Skip to main content Skip to header navigation

A gin and Champagne cocktail perfect for The Plaza Hotel’s own Eloise

If you’re ever in New York City, you have to make a point of walking into The Plaza Hotel — doesn’t matter if you’re not staying there, just walk right in — and having tea or drinks at The Palm Court or one of its other lovely bars or restaurants. I was lured in for a Nolet’s gin tasting and didn’t want to leave.

More: These hazelnut-infused cocktails are here to help you ease into fall

Here’s the thing about New York bars: They’re so noisy. And if it’s a good bar, it’s impossible to get in. And if you get in, you can’t get the bartender’s attention. And once you get your drink, you can’t hear well enough to have a decent conversation.

What New Yorkers often forget is that we have all these gorgeous, historic, jewel-box hotel bars that we’ve gone and left to the tourists — and they’re actually quiet. My all-time favorite Manhattan bar is in a Midtown hotel, and I’ll never reveal it, because I want it all to myself.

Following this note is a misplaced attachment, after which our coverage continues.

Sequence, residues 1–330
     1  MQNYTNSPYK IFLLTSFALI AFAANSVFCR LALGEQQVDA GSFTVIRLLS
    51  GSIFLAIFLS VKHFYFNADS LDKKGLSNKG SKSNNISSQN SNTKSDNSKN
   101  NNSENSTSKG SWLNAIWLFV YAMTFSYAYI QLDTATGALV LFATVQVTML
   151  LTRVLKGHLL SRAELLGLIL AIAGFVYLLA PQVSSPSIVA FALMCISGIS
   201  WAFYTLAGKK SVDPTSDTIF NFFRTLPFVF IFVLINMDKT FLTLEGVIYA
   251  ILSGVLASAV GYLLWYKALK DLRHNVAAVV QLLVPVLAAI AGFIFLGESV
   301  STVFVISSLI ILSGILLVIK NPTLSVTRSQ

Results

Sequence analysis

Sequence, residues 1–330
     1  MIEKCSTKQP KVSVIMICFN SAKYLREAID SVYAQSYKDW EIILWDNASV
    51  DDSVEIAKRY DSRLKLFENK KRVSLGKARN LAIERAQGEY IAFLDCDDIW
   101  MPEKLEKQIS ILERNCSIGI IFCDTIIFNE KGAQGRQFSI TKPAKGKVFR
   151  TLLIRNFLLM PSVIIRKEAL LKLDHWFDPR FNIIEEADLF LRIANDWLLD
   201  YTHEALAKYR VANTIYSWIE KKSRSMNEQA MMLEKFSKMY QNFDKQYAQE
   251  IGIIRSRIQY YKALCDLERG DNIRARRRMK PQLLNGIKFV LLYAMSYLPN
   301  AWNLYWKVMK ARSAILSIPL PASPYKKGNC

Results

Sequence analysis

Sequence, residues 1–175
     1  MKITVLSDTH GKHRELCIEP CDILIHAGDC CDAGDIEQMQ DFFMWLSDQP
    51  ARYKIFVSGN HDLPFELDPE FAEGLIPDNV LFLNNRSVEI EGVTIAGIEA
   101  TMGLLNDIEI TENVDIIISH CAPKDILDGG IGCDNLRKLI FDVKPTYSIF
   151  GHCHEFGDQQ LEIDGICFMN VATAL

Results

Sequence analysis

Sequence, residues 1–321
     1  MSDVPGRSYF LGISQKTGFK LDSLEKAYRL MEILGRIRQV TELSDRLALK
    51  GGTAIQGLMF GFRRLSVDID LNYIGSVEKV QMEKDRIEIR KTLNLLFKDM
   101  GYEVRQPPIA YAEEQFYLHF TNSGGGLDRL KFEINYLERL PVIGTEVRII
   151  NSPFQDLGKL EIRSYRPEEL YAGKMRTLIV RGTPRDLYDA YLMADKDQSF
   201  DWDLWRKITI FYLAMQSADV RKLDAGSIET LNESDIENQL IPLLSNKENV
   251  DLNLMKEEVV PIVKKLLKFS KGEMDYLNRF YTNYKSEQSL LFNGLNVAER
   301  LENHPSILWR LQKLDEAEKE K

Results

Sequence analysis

More: Dirty Shirley Temple is the better way to drink a childhood favorite

I digress. This is actually about the gin and Champagne cocktail I had at The Plaza, which was made with jasmine tea and lemongrass-infused sugar. You could make this yourself. I like to think it was named after Zelda Fitzgerald, but I couldn’t get the bartender to confirm that. Anyway, enjoy.

More: 23 refreshing Moscow mules to add to your must-drink list

Zelda cocktail
Image: Liz Smith/SheKnows

Zelda’s Champagne cocktail recipe


  • 1.5 ounces Nolet’s Silver Dry Gin
  • 1.25 ounces jasmine pearl tea, chilled
  • 2 tablespoons lemongrass-infused sugar
  • 3 ounces Moët & Chandon Brut Impérial Champagne
  • Lemon peel, as garnish
  • Chilled Champagne glass


  1. In a shaker, combine the gin, tea and sugar. Add ice cubes, and shake well.
  2. Pour into the glass, and top with Champagne. Garnish with the lemon peel.

Note: To make lemongrass-infused sugar, immerse 1 stalk of lemongrass in an airtight container of white sugar. Let sit in a cool, dry place undisturbed for a week or more, until the sugar takes on the aroma of the lemongrass.

Leave a Comment